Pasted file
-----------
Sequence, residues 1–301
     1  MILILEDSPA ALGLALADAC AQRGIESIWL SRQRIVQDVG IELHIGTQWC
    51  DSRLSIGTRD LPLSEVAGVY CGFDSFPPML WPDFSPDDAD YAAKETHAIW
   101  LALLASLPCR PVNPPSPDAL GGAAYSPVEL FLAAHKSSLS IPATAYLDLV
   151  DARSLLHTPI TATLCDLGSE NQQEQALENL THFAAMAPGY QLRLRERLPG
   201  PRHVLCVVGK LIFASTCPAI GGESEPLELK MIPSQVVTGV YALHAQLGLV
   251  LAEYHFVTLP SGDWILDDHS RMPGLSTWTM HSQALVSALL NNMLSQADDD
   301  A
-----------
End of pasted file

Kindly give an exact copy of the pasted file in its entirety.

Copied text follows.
Sequence, residues 1–301
     1  MILILEDSPA ALGLALADAC AQRGIESIWL SRQRIVQDVG IELHIGTQWC
    51  DSRLSIGTRD LPLSEVAGVY CGFDSFPPML WPDFSPDDAD YAAKETHAIW
   101  LALLASLPCR PVNPPSPDAL GGAAYSPVEL FLAAHKSSLS IPATAYLDLV
   151  DARSLLHTPI TATLCDLGSE NQQEQALENL THFAAMAPGY QLRLRERLPG
   201  PRHVLCVVGK LIFASTCPAI GGESEPLELK MIPSQVVTGV YALHAQLGLV
   251  LAEYHFVTLP SGDWILDDHS RMPGLSTWTM HSQALVSALL NNMLSQADDD
   301  A